Why Dogs Sniff Strangers

Common
Normal

Introduction

When your dog greets another dog, it is all good and well for the two dogs to go about sniffing each other’s behinds. After all, this common dog greeting has been standard behavior in dogs since their ancestors lived and survived in the wild. The ritual of sniffing establishes dominance, communicates mood, and is often the first step to friendship in the dog world.

When this behavior gets translated from dog to human, especially to strangers, the situation can get uncomfortable. Not many people appreciate being sniffed, especially in the regions that dogs tend to go for when sniffing around. If you have ever been put into an uncomfortable situation by your innocently sniffing dog, here are some things you should know about your dog’s strange fascination with strangers.

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The Root of the Behavior

Each and every dog emits a unique smell, a personal scent that lets other dogs know various points of personal information about the scent’s owner. The scent comes from glands located beneath the base of tail. This is the reason that two dogs meeting for the first time will take turns sniffing each other’s rear ends. They are simply gathering information about one another. Dogs do not know to shake hands or ask strangers simple, identifying questions about themselves and what they like. Instead, when meeting strangers, they rely on instinct. Unfortunately, that instinct typically leads them to sniff areas of a human being that most people do not like investigated.

Although human scents do not translate the same way dog scents do, a dog can still gain a lot of information about a person through sniffing their private regions. Pheromones and smells that are all but invisible to the human nose are louder and much clearer to dogs. Some dogs are able to recognize pheromones associated with fear, ovulation, and even a person’s mood. The extent of a dog’s ability to learn information about humans through their scent is still being explored. Some believe that dogs are potentially capable of identifying cancer before conventional testing, but again, these are as of yet just hypotheses. What we do know is that while often unwanted, a dog’s natural reaction to approaching a stranger is to greet them the way that only a dog knows how.

You may notice that your dog does not sniff at you, or perhaps your dog only smells you every once in a long while. In most cases, any strong or clear negative reaction you have had in the past to having your private regions perused by your dog is lesson enough for your dog to learn not to do it. They may still sniff you every once in a while, especially if something stressful is going on. More often than not, dogs do not sniff their owners. They are more interested in new visitors or guests, who they have not met before or seen in a long while. 

Encouraging the Behavior

If your dog has a habit of sniffing strangers in places that they aren’t comfortable with, you may need to train the behavior out of them. It often isn’t enough to call a dog back every time someone new comes over, and owners can quickly become tired of this practice. Some dogs express more curiosity than others, and in general, the friendlier your dog, the more likely it is to go up to people and express its friendliness in an uncomfortable way. Redirecting a dog’s sniffing behavior can be as simple as commanding your dog to sit in a certain part of the room when a new person walks in, then reward them for staying put. You can also give treats to strangers as they walk in, giving your dog something else to focus on.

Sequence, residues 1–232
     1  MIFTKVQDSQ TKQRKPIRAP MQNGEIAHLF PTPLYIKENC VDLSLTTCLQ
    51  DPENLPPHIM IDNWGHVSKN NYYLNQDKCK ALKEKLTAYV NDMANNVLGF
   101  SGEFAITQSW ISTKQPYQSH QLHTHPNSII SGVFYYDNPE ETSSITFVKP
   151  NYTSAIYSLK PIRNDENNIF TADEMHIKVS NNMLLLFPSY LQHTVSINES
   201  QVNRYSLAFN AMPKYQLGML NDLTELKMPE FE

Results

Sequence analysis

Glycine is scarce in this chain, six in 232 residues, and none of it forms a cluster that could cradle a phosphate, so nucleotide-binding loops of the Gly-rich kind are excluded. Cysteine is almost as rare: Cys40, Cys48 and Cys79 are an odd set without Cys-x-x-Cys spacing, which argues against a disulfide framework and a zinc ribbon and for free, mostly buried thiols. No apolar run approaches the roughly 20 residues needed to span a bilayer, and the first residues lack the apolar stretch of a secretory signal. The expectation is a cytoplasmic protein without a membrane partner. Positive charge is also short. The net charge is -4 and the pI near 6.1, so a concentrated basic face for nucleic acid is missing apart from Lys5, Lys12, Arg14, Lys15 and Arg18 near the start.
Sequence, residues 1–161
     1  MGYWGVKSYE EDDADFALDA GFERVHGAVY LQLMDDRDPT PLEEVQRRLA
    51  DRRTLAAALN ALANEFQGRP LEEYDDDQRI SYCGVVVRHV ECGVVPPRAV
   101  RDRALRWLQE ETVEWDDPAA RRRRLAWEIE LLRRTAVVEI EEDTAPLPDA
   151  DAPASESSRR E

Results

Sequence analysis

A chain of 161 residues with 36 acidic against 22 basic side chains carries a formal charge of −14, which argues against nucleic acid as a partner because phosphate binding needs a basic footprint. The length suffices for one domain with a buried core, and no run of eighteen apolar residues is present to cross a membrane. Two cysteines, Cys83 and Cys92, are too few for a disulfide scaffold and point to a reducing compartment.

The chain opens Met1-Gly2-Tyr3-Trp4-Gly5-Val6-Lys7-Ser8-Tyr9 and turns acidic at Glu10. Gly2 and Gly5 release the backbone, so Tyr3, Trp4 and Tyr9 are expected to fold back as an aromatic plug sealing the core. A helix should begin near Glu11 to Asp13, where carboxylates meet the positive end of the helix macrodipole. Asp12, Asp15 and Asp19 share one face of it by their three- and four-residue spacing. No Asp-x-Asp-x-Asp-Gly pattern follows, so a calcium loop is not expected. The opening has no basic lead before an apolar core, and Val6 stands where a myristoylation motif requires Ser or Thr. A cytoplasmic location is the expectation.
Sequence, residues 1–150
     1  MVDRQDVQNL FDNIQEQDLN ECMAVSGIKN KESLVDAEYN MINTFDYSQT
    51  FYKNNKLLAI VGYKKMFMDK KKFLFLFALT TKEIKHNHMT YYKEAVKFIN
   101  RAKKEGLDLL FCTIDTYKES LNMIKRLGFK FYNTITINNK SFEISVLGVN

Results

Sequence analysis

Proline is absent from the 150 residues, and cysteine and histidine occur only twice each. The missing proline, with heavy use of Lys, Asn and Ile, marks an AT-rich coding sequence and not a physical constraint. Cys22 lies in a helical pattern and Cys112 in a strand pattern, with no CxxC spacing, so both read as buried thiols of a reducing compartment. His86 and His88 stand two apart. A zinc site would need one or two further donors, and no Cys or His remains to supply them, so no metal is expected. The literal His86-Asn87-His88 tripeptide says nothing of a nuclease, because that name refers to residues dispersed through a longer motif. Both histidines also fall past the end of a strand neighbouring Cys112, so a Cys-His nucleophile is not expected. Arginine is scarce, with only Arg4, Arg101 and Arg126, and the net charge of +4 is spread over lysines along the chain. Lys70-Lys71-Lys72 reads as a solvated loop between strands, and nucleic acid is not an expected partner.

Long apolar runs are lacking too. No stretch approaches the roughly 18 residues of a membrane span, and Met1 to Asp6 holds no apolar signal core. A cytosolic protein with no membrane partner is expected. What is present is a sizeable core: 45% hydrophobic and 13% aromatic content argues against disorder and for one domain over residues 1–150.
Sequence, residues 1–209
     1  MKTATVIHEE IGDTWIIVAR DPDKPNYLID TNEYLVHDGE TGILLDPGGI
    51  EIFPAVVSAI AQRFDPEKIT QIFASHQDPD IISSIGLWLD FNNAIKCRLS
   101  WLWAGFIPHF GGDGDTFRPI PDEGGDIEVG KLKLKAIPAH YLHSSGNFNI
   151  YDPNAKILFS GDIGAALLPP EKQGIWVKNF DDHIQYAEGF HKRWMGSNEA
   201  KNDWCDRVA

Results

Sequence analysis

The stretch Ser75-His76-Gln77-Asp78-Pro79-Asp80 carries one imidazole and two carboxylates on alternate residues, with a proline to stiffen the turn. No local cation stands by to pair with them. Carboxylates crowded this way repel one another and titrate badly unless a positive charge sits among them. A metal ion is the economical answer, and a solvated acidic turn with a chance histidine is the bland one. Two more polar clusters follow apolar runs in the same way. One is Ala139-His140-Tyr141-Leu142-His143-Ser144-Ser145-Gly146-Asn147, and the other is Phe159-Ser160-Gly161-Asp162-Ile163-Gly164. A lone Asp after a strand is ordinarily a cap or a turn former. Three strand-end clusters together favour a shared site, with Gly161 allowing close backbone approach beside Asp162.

If you notice that you are being sniffed by strangers’ dogs in areas that you don’t feel comfortable with, it is possible that you are giving the dog a social cue that you didn’t intend to. Don’t back up when approaching a strange dog, as this gives the dog the feeling that you are showing submission. Instead, be forward with dogs and approach them confidently. This approach lets the dog know that you are the dominant one. According to dog codes, this gives you the right to sniff first, which for you often means no worries about being sniffed inappropriately. 

Other Solutions and Considerations

Sometimes, your dog’s inappropriate behavior can land you in a particularly bad situation. There have been recorded cases of dogs whose inappropriate behavior have gotten their owners into altercations, and even legal troubles. While you cannot be held legally responsible for your dog’s behavior, you are still partially responsible for your dog’s actions that same way that you are responsible for picking up their poop from public places. Try and anticipate your dog’s actions when it comes to strangers, especially, and find ways to either distract or redirect your dog’s behavior before your dog barks up the wrong tree.

Conclusion

Humans can’t expect dogs to carry themselves to all the exact same standards as humans, but there are some things that a dog should learn not to do. Whether the issue is personal privacy, or your dog goes after someone who is simply afraid of dogs, it’s always a good idea to establish that the greeting is welcome on both sides. Just remember that if your dog gets a little too nosey at times, a good treat is a good distraction.